Growing up, Canadian Thanksgiving was one of my favourite holidays. Since it wasn’t marred by Black Friday shopping sales, the focus could strictly be on the vast array of food: turkey, mashed potatoes, gravy, stuffing, ham, buttered corn, sweet potato casserole and the turnip that never seemed to find space on my plate. The gluttony confirmed at dessert with fresh apple and/or pumpkin pie with a “healthy” scoop of vanilla ice-cream. My mouth still waters…
However, after becoming vegetarian, the Thanksgiving feast that I knew and loved was gone. Sadly, I grieved the loss of my Canadian Thanksgiving. Gratefully, I accepted Ligeia’s family tradition of their American Thanksgiving. The vegetarian spread was a selection of all their favourite dishes: macaroni and cheese, three-bean salad, popovers, mashed potatoes still made an appearance, pickled beets and eggs (which couldn’t find place on my plate either), and of course, the star of dessert, a sweet potato pie.
But now, as vegans, Ligeia and I are forced to create a brand new tradition. Perhaps, we’ll call it our Thai Thanksgiving. We didn’t celebrate it here over a holiday long weekend, but rather at the end of an ordinary work day with friends. With access to an oven and a gas stove – a major improvement from the single electric griddle in our apartment – I was able to create a varied and delicious menu for our vegan Thanksgiving.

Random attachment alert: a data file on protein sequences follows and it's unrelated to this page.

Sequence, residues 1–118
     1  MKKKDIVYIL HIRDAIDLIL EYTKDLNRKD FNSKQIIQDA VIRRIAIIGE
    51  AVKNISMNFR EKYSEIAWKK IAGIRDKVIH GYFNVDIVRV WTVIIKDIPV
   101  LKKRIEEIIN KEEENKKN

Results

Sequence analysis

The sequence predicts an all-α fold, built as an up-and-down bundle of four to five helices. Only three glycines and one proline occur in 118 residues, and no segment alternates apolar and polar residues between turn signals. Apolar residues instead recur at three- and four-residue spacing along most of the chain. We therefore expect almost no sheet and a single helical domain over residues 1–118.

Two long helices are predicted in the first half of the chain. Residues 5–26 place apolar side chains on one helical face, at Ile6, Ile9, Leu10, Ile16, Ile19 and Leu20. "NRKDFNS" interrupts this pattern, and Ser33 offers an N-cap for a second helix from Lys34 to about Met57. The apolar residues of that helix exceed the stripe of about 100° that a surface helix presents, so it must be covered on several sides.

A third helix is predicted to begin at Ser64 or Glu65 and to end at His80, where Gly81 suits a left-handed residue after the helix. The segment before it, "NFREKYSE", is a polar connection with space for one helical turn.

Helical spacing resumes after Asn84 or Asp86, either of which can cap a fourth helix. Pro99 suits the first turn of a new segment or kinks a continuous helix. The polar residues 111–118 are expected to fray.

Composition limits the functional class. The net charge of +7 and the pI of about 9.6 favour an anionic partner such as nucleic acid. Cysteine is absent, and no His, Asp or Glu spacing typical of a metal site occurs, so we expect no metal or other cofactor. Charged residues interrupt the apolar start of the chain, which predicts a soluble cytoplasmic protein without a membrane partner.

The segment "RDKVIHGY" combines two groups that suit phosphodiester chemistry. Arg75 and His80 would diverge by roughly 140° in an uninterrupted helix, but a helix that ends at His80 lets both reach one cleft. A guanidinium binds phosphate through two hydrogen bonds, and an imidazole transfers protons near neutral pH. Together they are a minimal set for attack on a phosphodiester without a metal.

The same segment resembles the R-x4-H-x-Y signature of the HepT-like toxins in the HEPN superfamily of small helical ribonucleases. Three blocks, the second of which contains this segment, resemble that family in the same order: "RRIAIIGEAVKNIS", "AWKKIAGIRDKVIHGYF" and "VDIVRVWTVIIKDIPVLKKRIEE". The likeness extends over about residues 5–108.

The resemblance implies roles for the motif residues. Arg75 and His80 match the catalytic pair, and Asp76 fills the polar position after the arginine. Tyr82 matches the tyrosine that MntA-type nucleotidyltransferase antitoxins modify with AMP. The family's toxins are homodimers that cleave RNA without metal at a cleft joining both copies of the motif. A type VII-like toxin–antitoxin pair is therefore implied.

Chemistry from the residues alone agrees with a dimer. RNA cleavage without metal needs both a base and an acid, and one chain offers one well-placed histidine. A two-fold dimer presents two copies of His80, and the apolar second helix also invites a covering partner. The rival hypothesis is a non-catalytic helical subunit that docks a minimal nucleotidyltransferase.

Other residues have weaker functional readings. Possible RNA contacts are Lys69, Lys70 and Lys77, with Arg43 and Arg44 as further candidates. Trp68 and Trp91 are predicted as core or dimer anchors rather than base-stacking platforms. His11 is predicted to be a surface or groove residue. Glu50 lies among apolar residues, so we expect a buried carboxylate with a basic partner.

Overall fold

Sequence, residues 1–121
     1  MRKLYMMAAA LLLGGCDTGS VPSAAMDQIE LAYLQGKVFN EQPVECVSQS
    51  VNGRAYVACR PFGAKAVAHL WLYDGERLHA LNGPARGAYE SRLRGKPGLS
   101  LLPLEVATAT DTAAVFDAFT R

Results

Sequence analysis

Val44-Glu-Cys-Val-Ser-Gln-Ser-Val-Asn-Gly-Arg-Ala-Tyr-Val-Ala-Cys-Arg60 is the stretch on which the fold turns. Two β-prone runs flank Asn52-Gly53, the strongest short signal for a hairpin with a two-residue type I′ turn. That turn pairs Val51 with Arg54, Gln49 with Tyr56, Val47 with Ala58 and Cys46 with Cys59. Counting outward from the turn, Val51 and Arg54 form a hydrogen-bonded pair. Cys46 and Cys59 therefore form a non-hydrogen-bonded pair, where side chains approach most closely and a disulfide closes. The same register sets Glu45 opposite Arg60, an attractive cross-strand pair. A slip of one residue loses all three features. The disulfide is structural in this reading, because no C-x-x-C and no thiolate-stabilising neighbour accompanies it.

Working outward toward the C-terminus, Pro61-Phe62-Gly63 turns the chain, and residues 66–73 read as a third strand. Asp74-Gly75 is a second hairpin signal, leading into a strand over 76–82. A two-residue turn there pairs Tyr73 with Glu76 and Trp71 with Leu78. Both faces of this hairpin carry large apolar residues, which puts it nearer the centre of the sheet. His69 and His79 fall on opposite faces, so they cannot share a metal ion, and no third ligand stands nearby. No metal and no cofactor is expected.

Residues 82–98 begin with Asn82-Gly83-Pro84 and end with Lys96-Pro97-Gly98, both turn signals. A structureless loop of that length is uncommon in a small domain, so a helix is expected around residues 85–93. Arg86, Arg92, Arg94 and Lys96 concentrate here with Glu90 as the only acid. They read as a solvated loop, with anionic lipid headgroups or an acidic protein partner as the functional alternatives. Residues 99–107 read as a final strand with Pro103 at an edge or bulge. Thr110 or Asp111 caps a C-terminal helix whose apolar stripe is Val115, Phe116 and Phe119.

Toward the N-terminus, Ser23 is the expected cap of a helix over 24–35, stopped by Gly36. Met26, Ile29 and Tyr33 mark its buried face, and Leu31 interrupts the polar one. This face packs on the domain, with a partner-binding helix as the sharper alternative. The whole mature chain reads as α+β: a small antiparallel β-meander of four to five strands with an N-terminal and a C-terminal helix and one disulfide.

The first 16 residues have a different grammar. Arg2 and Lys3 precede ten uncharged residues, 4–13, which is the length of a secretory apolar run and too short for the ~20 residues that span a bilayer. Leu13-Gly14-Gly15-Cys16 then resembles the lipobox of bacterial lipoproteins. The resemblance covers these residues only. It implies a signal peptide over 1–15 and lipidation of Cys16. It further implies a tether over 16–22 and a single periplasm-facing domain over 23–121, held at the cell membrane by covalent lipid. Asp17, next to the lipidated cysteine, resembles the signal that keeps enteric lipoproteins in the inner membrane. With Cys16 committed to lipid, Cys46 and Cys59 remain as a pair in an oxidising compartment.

The main dish was a vegan nutloaf, accompanied by the required mashed potatoes with mushroom gravy. A traditional favourite of Ligeia’s, multi-bean salad, easily made it to the spread as the standard recipe is already vegan. I also prepared a cranberry rice pilaf and a vinegary cucumber salad to round out the side dishes. Finally, for dessert, I went all out and baked a vegan sweet potato pie, as well as a vegan apple crisp. Both were scrumptious, and definitely crowd pleasers.
Since our Thai vegan Thanksgiving I’ve been thinking of new dishes that could be added to the next feast and I’m already excited.